The trend towards an ubiquitous computing and communication environment, pushed from the generation growing up in an information age, slowly but steadily generates a demand for ad hoc networks. A whole lot of questions are to date still open issues when talking about those kind of networks, which need to organise themsleves without any centralized entity governing access, addressing, formation, service lookup or any other function, which we take for granted in our wired, Internet driven world. The DFG project 1140 addresses a vast range of issues and open questions and tries to solve them. Severaly German universities work together on that catalogue of questions, each one focusing on a certain topic but cooperating with each other to get the most out of a unified team effort. The focus here at the Computer Systems and Telematics group at the FU Berlin is the Quality of Service (QoS) aware unification of communication and cooperation patterns. The project's pseudonym is CoCo/Mo ((COmmunication COoperation / MObility). We work in close cooperation with the CoCo/Da (COmmunication COoperation / DAta) project here at the FU also part of the same DFG project.
This project started in April 2003 here at the university. It is an integral part of a DFG (German Research Society) project titled "Operating software for self-organising infrastructures in mobile networking systems". The focus here at the Computer Systems and Telematics group is the Quality of Service (QoS) aware unification of communication and cooperation patterns in ad hoc networks.
Ad hoc networks are dynamically reconfigurable, infrastructure less networks without central administration. The usually communicate wireless and are mobile. That imposes new challenges on protocol design and other lower network functions, but also on higher layers such as the application layer of the ISO/OSI reference model new concepts have to be developed. The following list shows some of the problems faced in an ad hoc context which are normally not considered in a wired environment:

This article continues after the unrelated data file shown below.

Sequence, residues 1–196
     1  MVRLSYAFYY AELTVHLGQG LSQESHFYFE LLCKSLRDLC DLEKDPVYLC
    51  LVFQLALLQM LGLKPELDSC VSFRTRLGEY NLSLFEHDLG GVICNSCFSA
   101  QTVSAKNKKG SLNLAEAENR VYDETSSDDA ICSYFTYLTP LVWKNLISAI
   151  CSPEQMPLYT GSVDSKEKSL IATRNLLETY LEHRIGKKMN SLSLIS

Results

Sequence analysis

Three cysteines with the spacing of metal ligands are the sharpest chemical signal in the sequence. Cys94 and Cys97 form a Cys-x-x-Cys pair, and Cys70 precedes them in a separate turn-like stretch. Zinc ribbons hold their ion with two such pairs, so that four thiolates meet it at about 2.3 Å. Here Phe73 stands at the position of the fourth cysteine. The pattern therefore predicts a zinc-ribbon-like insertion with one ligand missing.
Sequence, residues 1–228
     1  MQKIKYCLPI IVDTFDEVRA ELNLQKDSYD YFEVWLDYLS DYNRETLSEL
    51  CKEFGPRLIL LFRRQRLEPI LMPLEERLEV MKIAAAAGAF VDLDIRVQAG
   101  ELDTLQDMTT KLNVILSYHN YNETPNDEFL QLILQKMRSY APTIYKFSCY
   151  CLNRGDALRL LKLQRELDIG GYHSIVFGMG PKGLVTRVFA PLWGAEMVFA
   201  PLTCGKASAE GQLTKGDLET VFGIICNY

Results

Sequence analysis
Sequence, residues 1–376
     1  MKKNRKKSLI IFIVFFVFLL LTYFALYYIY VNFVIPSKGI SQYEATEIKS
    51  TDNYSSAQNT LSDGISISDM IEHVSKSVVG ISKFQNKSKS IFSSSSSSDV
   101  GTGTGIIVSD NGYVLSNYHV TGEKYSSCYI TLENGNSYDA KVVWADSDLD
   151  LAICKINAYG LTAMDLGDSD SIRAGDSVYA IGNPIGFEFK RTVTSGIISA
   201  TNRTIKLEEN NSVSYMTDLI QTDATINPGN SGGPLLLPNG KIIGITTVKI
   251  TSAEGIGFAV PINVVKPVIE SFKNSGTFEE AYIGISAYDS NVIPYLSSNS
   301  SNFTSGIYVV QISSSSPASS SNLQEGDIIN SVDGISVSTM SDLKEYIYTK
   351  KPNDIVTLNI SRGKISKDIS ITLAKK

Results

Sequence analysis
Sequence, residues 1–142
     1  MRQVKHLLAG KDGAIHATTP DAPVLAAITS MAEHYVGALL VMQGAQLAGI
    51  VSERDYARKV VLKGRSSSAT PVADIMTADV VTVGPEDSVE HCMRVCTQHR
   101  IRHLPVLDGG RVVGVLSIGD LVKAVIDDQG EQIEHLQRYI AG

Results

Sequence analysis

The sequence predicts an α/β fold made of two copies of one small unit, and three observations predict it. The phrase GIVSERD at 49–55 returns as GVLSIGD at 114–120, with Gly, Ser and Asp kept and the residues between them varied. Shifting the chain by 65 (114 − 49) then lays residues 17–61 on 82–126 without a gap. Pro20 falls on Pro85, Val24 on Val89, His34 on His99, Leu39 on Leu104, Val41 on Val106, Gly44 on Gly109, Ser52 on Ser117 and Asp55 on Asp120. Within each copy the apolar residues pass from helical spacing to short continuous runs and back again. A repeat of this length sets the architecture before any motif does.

- no fixed infrastructure
- unreliable, shared medium
- devices with limited resources (battery lifetime, memory, CPU power)
- low bandwidth
- high error rates
- probably different communication technologies (Bluetooth, 802.11b, etc.)
In addition recent research showed that traditional wired technology failed in mobile ad hoc environments. TCP/IP for examples performs extremely poor under ad hoc conditions. To have a rough idea where this kind of network might play a role in the future here are a couple of example applications and szenarios:
All sorts of disaster prevention and recovery szenrios might benefit from the usage of ad hoc networks. For example firefighters in Australia might get sensor data directly on their PDA from sensors distributed directly into the fire by planes. That way they might be able to more effectively fight the fire or they might be able to avoid places which are too dangerous under the current or future conditions. Or sand sacks used to prevent dam breaches might be equiped with sensors used to find cracks in the dam indicating a possible future breach. These sand sacks might cooperate and send warnings to a central desaster prevention unit which then can efficiently stabilize the dam at weakend locations.
Another thinkable application would be spontaneous learning groups. With the increasing complexity of modern cellphones and PDAs it will soon be possible to widely communicate in ad hoc manner with other devices. If a student at a university is looking for learning material he might send a service request to devices of fellow students hoping they can offer him the desired documents. A vast ammount of other applications are possible like vehicle safety communication, tourist information systems, gaming environments and others.
CoCo/Mo is not aiming at developing yet another ad hoc routing algorithm or introducing a completely new communication technology trying to solve the complexity of ad hoc communication on all layers of the ISO/OSI reference model. It also is not focusing on defining and developing new applications, which is more the focus of the CoCo/Da group.
We see that application and network layers have a huge delta in defining their QoS needs. The application will pass a parameter set down to lower layers to express its QoS demands and the network layers will have to make sure that those are met throughout the communication process. In the middle there has to be some kind of translation process. Additionally applications cooperate in certain ways with each other. Deriving a communication pattern from those cooperation patterns, utilizing the scarce rescources in an optimal way and also trying to assure a certain QoS is one aim of this project. Also the component to be developed should be able to give feedback of some kind back to the application to signal changes in the network so the application can adapt to new networking conditions.
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